This article takes issue with the Emissions Trading System (ETS) put in place by the EU. Pricing the emissions of various fuels into the equation will induce fuel users to use cleaner fuels in some cases. The argument goes that such process, based on greenhouse gas (GHG) emissions from the fuel, will be compromised by the lack of availability of cleaner fuels until sufficient supplies are readily available. And the process considers only greenhouse gases and not the lifecycle costs of certain fuels.
Perhaps the pricing scheme can be adjusted. Certainly there will be more investment in cleaner fuel capabilities. But the issues brought up are real. Just how significant they are is yet to be seen.
One real issue, however, is the fact that maritime operators can avoid fueling at EU ports and places where the ETS price is added. They can choose routes where dirty fuels can be burned, and minimize their time sailing where ETS is enforced. One way to reduce this is to create green corridors, where use of clean fuel is mandatory. An example is the Singapore to Rotterdam corridor backed by those governments.
The excess estimated in this article is mostly in dry containers. Reefers are still much in demand. The problem is, what’s going to happen to them? Resales are down, and there aren’t enough container houses being built to use them up.
It’s time to think about scrapping them, just like ships. If the Chinese factories can continue to produce them at low cost so that it doesn’t pay to ship them back, we have to get rid of them somehow.
In freight transport, backhauls are always a problem. They are basically unpaid miles and tons. Their cost must be recovered in the head haul freight cost. It’s like the packaging when you buy something online. We either have to find something to do with it, or throw it away, or take up valuable space storing it for reuse. Here’s an entire shelf in my coat closet, stuffed with packaging.
We have worked out various systems for recycling packaging. In the US most locations have some recycling capability, and customers are urged to separate trash. The usual destination is a recycling facility, or perhaps a landfill. The landfill is very undesirable, because of contamination leakage from the dumps, which can be hard to control. Landfill space is also at a premium in the US in most places. Who wants a landfill next door?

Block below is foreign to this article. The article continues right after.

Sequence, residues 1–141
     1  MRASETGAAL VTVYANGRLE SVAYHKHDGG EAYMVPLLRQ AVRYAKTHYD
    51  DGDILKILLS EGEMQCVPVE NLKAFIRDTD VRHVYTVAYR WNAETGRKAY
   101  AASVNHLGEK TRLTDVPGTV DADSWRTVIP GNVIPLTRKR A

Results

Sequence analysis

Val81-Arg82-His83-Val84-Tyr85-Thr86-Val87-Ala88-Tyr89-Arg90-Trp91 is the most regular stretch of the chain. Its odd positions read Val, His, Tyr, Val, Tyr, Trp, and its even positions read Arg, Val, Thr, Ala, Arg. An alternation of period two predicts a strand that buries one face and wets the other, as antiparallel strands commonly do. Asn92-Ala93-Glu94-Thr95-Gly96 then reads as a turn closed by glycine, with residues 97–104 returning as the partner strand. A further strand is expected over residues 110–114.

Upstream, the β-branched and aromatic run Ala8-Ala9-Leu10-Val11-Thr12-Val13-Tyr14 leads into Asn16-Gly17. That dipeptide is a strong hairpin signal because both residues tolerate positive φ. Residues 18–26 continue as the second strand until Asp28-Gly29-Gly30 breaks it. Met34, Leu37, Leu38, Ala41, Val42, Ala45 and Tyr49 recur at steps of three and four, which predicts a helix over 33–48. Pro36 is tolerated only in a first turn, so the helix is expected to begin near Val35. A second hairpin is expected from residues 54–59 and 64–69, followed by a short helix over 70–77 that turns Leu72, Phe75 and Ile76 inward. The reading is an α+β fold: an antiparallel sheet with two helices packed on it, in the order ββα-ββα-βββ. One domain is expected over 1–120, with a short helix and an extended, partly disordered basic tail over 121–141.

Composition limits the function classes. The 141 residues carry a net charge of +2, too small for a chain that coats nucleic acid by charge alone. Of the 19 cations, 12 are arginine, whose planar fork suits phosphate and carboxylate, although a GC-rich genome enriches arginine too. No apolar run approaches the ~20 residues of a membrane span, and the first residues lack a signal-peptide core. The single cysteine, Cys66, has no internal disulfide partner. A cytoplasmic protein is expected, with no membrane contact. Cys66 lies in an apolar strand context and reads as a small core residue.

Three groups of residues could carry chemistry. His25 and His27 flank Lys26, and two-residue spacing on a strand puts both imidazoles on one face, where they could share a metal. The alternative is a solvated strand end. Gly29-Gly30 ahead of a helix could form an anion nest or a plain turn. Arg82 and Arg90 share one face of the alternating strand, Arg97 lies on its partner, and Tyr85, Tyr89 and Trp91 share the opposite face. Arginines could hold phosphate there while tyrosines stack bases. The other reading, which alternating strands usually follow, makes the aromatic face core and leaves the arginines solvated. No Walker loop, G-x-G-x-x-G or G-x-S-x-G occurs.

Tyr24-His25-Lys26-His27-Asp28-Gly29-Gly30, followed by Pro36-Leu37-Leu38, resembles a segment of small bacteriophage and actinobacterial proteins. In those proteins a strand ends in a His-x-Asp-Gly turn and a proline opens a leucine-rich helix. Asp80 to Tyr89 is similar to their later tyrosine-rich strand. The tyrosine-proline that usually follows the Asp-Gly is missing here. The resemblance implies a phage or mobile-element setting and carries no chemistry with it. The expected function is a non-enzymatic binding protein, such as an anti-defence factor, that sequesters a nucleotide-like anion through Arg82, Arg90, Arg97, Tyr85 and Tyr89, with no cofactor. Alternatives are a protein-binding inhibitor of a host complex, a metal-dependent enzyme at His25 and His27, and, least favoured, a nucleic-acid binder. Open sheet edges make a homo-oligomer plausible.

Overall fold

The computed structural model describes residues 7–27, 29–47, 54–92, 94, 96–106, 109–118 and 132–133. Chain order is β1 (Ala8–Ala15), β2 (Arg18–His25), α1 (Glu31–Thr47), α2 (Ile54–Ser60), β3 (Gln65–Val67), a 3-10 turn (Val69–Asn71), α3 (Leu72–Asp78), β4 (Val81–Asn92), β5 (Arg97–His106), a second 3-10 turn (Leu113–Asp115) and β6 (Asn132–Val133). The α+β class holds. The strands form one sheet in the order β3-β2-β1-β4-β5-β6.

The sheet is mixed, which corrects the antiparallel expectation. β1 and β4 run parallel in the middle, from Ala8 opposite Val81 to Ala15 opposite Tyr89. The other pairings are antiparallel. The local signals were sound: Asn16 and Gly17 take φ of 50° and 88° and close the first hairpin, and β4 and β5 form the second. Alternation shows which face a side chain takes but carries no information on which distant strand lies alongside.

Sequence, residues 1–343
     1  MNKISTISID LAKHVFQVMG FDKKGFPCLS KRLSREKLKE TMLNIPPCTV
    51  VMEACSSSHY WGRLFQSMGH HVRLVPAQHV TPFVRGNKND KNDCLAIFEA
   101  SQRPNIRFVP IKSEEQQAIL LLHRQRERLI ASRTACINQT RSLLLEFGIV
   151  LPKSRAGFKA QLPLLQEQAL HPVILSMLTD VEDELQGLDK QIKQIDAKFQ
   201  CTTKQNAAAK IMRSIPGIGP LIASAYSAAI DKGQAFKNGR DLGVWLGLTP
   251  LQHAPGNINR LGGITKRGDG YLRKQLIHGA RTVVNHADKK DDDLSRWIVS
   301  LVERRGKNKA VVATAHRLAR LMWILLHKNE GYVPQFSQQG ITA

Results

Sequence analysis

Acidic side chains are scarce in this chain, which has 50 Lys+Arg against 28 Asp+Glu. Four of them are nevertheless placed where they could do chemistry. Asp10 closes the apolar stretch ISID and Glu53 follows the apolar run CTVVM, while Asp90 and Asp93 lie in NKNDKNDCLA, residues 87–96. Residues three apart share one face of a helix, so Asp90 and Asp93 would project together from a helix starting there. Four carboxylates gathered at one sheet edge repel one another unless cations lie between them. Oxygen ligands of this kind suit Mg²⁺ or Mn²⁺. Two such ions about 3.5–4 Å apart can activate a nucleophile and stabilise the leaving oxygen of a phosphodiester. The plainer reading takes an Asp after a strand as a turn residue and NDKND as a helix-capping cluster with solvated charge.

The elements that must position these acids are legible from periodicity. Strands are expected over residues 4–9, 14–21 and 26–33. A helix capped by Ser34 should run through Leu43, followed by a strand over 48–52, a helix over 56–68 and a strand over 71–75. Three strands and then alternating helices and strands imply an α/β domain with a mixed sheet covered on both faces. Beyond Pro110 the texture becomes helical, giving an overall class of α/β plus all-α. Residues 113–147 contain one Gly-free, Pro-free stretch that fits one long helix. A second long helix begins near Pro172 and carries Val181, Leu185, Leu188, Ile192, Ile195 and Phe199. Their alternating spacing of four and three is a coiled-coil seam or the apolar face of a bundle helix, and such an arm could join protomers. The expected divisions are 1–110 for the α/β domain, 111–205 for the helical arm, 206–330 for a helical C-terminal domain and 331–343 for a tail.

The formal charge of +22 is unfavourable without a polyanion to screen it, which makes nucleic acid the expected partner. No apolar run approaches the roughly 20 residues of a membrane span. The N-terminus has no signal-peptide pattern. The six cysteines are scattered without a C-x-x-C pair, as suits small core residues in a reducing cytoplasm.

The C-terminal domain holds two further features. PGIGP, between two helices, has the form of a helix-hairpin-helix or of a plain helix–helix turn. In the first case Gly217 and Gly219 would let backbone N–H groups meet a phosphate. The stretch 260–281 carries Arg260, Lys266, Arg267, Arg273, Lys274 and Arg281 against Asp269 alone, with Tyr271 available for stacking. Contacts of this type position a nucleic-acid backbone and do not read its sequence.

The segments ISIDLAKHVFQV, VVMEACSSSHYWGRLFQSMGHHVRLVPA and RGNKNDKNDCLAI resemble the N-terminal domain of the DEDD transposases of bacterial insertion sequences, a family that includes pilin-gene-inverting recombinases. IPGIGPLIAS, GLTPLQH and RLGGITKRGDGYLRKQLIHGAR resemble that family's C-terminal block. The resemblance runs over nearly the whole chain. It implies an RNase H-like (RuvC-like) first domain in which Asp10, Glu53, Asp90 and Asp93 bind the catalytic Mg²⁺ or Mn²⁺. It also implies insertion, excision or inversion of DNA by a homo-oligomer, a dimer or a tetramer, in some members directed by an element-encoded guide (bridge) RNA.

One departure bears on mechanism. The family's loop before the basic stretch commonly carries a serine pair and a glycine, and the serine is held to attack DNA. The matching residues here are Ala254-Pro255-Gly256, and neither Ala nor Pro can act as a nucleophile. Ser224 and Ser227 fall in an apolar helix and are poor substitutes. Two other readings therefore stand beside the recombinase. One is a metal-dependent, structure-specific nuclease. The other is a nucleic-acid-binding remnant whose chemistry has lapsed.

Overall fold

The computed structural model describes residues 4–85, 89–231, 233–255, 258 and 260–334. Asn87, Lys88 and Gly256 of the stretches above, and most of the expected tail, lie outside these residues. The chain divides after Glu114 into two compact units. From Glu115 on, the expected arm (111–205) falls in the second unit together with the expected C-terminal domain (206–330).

Over time, however, the rules have changed. It used to be we could export our trash waste to other countries. China took a large amount of paper waste in the past. They did not have clean sources of paper waste for papermaking in China. But in the last few years they have refused to take the waste, since they created domestic sources.
Similarly, plastic waste used to be exported. It’s a usable feedstock for certain plastic manufacture, and has a few other uses. But more recently countries have recognized the problem and are refusing to take it.
Containers fall into the same category. They are packaging. They are recyclable, though it takes some work. The steel scrap has a value in future steelmaking, but it isn’t large. And they cube up the world, taking up both area space and height when stored in yards. In California during the recent congestion crisis at the ports, additional empty container yards were created at considerable expense off the port properties, to provide storage space off the port terminal yard where empties were clogging up the movement lanes.
We’re going to be faced with an increasing problem as long as the US is an importing nation.
There have been various schemes for modifying containers floated. Foldable containers would be quite a bit less costly to ship back, and take up less space at the cost of some labor to fold them and then unfold them. One design I saw allowed five forty-foot containers to fit in the space of one forty-foot unit for storage and shipping. But they are a lot more expensive than standard units, and reefers would be hard to handle this way.
As long as current export-import patterns continue, it would be worthwhile for entrepreneurs to spend time on the empty container problem. Other industries have improved the recyclable aspects of their packaging, and ocean carriers and shippers should start addressing the issue.